“If I have outstanding criminal charges can I still to travel to the U.S.?”
“Will I be stopped at the U.S. border if they see I have a criminal record from the past?”
“If my criminal charges have been stayed, am I cleared to travel to the U.S.?”
As a lawyer, I am often asked the above questions. So, what are the answers.
Firstly, it is important to realize that travelling to the United States is a privilege and not a right for Canadians. There are several factors that determine whether Canadians can cross the United States border, an important factor being their criminal record.
The U.S. Customs and Border Protection (“CBP”) officers exercise unlimited discretion over whether or not a non-U.S. national can cross the U.S. border. The Q and A below should provide some clarity into how a criminal record impacts a person’s ability to travel to the United States.
Do I have to disclose my criminal record to the U.S. Border Officers?
In my opinion the answer is “YES” you should and here is why: Through a shared agreement with Canada, the U.S. CBP officers have access to the Canadian Police Information Centre (CPIC) database. This database includes an individual’s criminal record any where in Canada and may also include charges that have been withdrawn, stayed or acquitted. The CBP officers can use this database to view an individual’s criminal record and prior criminal history. Even without disclosing your criminal record, CBP officers can access your full criminal history on the CPIC database.
Any questions asked by the CBP officers should be answered truthfully. Disclosing your criminal record to CBP officers may include informing them of any withdrawn charges, discharges, stay of proceedings or acquittals.
Will a criminal record prevent me from travelling to the United States?
NOT NECESSARILY. A criminal record may impact your ability to travel to the United States. However, it is entirely up to the specific U.S. CBP officer at the port of entry to determine whether or not they will allow you to cross the border. CBP officers will consider an individual’s criminal record and can use it as a basis to deny entry to the United States.
Single convictions or small misdemeanors may not be sufficient grounds for denying entry into the United States. For example, a single impaired driving conviction may not necessarily prevent entry. However, an impaired driving conviction in combination with other misdemeanor offenses can be used as a basis to deny entry.
If a criminal record includes a crime of moral turpitude it may be very difficult to gain access to the United States. Crimes of moral turpitude have no specific definition in law and the meaning varies across different states. Crimes of moral turpitude typically involve crimes against others such as aggravated assault, certain crimes against property, sexual crimes, and crimes against the authority of the government.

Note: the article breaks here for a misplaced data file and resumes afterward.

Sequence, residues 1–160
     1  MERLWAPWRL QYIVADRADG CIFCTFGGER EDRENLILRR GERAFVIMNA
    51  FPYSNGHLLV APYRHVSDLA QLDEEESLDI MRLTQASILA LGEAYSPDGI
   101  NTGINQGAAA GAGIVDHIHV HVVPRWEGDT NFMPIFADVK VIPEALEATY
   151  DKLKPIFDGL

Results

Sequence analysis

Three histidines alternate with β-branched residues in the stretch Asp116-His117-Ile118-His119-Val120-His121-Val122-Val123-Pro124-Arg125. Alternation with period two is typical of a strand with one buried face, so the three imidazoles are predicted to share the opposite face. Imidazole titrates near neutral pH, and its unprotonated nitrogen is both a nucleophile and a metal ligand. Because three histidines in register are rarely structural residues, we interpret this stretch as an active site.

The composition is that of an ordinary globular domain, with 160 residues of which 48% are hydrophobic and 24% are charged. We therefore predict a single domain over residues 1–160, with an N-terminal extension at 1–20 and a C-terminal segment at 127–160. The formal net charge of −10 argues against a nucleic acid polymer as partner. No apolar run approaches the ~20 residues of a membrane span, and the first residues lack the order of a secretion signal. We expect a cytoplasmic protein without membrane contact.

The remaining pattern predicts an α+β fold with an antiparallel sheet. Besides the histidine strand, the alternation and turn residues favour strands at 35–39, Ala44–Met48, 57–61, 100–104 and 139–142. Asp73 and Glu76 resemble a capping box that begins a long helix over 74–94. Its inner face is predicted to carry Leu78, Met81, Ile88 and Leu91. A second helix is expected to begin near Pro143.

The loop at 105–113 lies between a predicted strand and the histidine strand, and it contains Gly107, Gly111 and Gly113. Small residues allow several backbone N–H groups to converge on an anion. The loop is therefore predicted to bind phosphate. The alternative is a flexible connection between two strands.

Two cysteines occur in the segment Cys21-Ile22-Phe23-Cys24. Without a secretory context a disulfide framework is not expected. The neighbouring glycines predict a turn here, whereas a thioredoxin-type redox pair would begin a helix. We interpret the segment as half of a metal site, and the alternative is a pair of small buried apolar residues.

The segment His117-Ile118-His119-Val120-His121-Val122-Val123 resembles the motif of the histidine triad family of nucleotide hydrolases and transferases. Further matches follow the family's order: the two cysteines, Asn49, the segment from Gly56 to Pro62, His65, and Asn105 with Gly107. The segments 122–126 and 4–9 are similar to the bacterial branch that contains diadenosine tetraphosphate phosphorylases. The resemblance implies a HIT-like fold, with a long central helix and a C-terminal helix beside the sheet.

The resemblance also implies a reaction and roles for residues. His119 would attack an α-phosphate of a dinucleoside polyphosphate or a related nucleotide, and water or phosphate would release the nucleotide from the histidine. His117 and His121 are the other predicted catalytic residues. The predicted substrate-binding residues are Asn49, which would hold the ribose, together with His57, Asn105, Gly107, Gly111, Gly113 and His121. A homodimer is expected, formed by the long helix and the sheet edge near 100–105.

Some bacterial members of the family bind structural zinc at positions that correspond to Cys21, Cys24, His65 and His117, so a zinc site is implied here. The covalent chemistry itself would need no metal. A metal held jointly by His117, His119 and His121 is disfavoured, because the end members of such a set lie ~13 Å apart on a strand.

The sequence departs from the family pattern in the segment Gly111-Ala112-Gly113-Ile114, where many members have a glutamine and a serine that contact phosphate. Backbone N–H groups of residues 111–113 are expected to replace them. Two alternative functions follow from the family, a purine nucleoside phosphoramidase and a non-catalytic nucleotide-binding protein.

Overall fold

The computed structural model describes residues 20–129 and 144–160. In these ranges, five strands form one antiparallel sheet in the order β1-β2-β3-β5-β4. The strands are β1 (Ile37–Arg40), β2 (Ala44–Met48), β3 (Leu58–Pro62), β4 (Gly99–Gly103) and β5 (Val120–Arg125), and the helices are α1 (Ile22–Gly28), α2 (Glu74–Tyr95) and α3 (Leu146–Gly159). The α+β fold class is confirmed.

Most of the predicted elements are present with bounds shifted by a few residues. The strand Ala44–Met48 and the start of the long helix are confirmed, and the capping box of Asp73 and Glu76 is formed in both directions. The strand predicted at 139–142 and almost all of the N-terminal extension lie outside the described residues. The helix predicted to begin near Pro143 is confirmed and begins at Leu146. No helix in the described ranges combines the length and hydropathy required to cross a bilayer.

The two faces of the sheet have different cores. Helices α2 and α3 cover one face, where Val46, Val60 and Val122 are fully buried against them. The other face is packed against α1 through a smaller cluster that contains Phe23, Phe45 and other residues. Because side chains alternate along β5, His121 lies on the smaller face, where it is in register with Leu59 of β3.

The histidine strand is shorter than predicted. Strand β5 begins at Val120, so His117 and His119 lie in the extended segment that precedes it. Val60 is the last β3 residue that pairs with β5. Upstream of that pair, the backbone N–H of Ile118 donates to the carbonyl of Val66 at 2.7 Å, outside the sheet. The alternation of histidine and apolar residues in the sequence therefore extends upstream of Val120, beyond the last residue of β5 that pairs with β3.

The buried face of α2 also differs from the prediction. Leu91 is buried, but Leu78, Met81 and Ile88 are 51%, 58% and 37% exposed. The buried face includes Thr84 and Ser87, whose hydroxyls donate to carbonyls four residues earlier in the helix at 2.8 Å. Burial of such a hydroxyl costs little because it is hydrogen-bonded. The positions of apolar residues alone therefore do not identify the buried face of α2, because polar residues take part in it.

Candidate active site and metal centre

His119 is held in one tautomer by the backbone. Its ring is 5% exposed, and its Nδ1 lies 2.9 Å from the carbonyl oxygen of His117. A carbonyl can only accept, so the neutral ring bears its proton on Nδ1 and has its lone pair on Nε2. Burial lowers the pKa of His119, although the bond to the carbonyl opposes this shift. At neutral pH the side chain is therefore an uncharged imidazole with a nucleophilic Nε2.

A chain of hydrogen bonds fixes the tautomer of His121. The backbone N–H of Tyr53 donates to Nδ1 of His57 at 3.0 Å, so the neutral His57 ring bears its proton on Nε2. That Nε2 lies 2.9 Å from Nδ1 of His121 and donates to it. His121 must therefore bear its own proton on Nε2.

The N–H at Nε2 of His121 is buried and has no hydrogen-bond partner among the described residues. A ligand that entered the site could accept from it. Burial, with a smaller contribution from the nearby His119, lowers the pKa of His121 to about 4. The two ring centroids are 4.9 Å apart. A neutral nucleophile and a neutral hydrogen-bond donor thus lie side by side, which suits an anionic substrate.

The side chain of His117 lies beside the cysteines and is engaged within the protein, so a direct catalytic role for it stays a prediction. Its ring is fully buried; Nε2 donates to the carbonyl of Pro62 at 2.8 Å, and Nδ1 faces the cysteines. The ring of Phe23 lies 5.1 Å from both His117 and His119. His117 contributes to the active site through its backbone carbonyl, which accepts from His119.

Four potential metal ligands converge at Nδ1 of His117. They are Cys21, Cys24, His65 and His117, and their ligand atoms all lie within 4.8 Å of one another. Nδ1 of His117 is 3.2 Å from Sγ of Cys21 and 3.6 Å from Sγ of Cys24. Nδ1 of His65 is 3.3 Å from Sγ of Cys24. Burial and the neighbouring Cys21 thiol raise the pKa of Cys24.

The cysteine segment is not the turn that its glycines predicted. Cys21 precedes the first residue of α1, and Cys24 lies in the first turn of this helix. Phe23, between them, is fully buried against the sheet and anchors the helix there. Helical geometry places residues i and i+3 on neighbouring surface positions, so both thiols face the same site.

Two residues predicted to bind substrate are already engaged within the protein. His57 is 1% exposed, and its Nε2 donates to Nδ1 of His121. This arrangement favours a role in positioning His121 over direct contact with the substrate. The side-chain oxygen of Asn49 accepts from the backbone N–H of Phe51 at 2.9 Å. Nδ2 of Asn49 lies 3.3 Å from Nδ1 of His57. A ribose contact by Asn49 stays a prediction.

Because CBP officers have unlimited discretional authority, it is difficult to say for certain whether a specific crime will make an individual inadmissible. The CBP officers will consider the nature of the crime when exercising their discretion. Even individuals with criminal records that appear to be minor can be denied entry to the United States.
It is also important to keep in mind that individuals who do not have a criminal history can still be denied entry. Entry to the United States is based entirely on the discretion of the border officers and many err on the side of caution when exercising this authority.
Will a pardon allow me to travel to the United States?
NOT NECESSARILY. The United States does not recognize Canadian pardons or record suspensions. Even if you have received a pardon in Canada, it
will not guarantee entry to the United States. The CBP officers will still have access to past criminal records and a pardon granted by the Canadian government may not be sufficient to allow entry to the United States.
How can I travel to the United States if I have a criminal record?
If your criminal record makes you inadmissible, you may still be eligible to apply for a waiver of inadmissibility.
The waiver application must be completed in advance of your date of entry. The application process can be lengthy, costly and may not be applicable to all individuals. Obtaining a waiver is one way to gain entry to the United States. However, there is no guarantee that the waiver will be granted.
If a waiver is granted, it allows you to travel to the United States but only for a specified period of time.
As you can see, there is no exact answer as to whether a specific criminal record will prevent travel to the United States. CBP officers have wide discretion and can deny entry to anyone for any number of reasons. Individuals with a criminal record should be prepared for the possibility of being denied entry to the United States and can consider applying for a waiver if they are eligible to do so.
The information provided on this website does not constitute legal advice and should not be construed as such. Moustarah & Company does not guarantee that this information is accurate or up to date. As a result, should you require legal advice, please contact a lawyer.